King George VI was the first sitting British ruler to visit a U.S. president. It was kind of a big deal after the whole Revolutionary War and the sore feelings that left.
Franklin Delano Roosevelt was president at the time and wanted to give the king a royal greeting, American style.
Of course there was a state dinner with all the attendant fancy food. But it was a casual picnic that really made the trip memorable because that’s when King George VI had his first hot dog on June 11, 1939.
It was a private picnic, but the hot dog moment was anything but a secret. In fact, a NYT headline the following day read: “King Tries Hot Dog and Asks For More.”
The brand was Swift, for those who need to know these things. And the king very appropriately had a beer with his 2 hot dogs as well, according to the Times.
Looking back on the moment in 2009, Dan Barry wrote in the NYT:
“There is no record of the founding fathers ever eating hot dogs, no trace, for example, of mustard on the Declaration of Independence. But the hot dog has played a role in American foreign relations since at least June 1939, when the king and queen of England attended a picnic at President Franklin D. Roosevelt’s estate in Hyde Park, N.Y., while soliciting American support for England in the war about to consume Europe.”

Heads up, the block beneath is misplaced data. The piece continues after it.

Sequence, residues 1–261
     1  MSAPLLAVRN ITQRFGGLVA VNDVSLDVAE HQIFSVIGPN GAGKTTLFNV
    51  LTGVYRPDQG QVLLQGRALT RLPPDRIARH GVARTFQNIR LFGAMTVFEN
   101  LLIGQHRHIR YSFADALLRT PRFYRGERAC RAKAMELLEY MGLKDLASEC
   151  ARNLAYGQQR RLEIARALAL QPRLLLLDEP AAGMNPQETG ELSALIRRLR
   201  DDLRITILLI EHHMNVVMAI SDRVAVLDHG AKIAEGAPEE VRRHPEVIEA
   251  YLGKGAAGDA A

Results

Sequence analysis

The king’s mother was with him at the time and also partook in a hot dog – but she is said to have eaten it with a knife and fork.
Upon inviting an Iranian delegation to the US, the Obama administration relied once again on the diplomatic dogs. There’s no word on how they went down, but Barry seemed to think that it was an essential part of the diplomatic process either way, noting:
“The hot dog, it seems, figures in American diplomacy only when absolutely needed. In 1999, for example, President Bill Clinton gathered at a table with Prime Minister Ehud Barak of Israel and the Palestinian leader Yasir Arafat to eat hot dogs. Kosher, of course.”